Lynn Steiner is one of the Upper Midwest's best-known garden writers and a frequent speaker at gardening and environmental events. She is the author and photographer of several books that advocate for the effective use of native plants in the typical home landscape. Landscaping with Native Plants of Minnesota, the first book designed to identify Minnesota's native plants and plant communities and to demonstrate how to use them effectively in a typical home landscape, was a finalist in the 2006 Minnesota Book Awards in the Science and Nature category.
Lynn is the author and photographer of several other books, including Rain Gardens: Sustainable Landscaping for a Beautiful Yard and a Healthy World, published in February 2012. Other titles include Landscaping with Native Plants of Wisconsin, published spring 2007, and Landscaping with Native Plants of Michigan, published in 2006 and named a Michigan Notable Book for 2007. She also helped develop, wrote, and provided photographs for The Complete Guide to Gardening series, ten regional gardening books published in 2012 by Cool Springs Press.
For fifteen years, Lynn was the editor of Northern Gardener magazine, the official publication of the Minnesota State Horticultural Society. Under her direction, Northern Gardener received several Overall Excellence awards from the Minnesota Magazine & Publication Association, and several individual contributors received Garden Writers Association Media awards. She now writes a column for the magazine titled "Northern Natives."
Lynn lives with her husband and two cats on a 115-year-old farmstead in northern Washington County, Minnesota, where she enjoys tending her gardens and watching the progress of her restored prairie, savannah, and oak woodland.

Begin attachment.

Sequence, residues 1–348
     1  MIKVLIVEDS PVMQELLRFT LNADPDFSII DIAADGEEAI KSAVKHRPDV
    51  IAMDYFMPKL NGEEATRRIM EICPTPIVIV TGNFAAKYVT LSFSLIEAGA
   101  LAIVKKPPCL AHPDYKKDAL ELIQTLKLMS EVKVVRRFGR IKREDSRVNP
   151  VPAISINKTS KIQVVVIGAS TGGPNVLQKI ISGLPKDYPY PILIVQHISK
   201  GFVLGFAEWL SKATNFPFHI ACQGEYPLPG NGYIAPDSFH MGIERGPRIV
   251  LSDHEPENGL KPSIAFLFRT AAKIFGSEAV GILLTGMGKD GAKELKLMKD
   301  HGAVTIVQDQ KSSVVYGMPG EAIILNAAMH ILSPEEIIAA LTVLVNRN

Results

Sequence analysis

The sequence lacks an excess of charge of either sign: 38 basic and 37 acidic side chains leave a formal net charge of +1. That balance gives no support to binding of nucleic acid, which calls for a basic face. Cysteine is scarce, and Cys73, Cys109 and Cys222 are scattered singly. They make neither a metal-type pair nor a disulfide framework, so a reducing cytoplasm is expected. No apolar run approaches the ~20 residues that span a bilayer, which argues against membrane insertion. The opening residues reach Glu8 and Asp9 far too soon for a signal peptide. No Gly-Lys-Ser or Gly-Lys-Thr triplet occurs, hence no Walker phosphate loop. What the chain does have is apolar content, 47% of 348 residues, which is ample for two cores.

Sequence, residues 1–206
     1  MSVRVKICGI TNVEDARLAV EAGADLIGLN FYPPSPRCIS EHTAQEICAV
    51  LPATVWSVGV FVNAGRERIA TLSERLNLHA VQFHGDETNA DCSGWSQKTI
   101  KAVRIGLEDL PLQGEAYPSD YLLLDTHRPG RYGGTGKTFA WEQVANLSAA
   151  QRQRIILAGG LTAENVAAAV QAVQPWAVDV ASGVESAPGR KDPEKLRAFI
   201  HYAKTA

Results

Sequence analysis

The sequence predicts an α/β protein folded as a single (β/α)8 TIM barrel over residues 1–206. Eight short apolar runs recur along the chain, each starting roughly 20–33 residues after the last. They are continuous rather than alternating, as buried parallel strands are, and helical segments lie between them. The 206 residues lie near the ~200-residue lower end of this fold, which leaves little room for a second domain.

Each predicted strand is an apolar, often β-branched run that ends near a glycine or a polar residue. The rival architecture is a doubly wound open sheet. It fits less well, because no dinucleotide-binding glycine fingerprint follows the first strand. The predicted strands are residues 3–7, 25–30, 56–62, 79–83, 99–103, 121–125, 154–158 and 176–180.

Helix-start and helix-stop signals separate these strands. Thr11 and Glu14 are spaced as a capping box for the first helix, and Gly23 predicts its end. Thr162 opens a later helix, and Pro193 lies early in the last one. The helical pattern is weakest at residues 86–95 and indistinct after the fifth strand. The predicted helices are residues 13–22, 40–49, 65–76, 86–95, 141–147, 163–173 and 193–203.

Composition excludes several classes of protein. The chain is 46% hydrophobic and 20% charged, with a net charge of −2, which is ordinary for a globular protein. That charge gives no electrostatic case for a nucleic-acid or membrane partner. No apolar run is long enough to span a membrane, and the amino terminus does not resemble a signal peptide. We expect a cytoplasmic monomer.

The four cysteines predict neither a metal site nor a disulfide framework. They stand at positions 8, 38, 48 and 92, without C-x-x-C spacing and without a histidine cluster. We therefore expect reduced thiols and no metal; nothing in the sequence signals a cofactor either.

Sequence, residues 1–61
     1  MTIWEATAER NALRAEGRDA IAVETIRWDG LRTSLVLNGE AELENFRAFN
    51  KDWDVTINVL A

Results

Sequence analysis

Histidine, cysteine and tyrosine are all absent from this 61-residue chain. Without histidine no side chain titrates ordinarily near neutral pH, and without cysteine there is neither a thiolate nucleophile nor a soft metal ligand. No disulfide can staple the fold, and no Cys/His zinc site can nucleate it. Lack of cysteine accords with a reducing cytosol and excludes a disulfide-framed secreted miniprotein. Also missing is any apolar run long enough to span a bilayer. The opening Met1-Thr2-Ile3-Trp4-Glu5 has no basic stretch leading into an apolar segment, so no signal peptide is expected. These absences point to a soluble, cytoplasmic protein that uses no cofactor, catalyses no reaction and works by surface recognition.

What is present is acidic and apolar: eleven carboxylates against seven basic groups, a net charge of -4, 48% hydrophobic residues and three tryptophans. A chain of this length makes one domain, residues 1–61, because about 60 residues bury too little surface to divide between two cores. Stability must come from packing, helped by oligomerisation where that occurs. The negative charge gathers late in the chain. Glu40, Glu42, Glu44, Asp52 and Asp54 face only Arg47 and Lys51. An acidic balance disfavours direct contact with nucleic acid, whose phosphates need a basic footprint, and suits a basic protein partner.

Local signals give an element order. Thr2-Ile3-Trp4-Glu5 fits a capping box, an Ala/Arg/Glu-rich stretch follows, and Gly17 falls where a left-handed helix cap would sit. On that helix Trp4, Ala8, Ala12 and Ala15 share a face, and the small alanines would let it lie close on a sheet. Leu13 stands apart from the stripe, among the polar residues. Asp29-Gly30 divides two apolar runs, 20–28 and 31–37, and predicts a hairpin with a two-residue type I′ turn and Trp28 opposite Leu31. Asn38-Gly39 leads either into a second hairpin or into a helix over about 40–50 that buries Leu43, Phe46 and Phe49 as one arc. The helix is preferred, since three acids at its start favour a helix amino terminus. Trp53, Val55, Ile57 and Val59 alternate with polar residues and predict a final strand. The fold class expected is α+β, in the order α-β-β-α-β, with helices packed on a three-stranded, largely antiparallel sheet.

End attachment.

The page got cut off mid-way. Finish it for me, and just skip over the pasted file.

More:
Adding to Black & Decker’s line of DIY books, The Complete Guide to Gardening is divided into seven region-specific volumes. All include the same instructions and general information, but Steiner (Rain Gardens; Prairie-Style Gardens) tailors the plant suggestions and climate data. Strengths include an excellent introduction on the importance of botanical names, soil type, and soil pH as well as definitions of key terms such as herbaceous and dioecious. Easy-to-follow instructions and copious color photographs cover the preparation, planting, care, and maintenance of various garden types; other topics include the basics of good design and propagating methods. Steiner does mention some of the benefits of using native plants, but it would have been helpful to highlight them so they could be recognized at a glance. She also mentions the importance of avoiding invasive plants; the information is not region-specific, but checking invasiveplantatlas.org is suggested. A handy reference card listing websites of state extension offices and native plants is also included. VERDICT: Overall, these books provide a very good introduction to and broad overview of gardening with excellent step-by-step instructions. The handy index of plants’ common names is also helpful for beginners. - Library Journal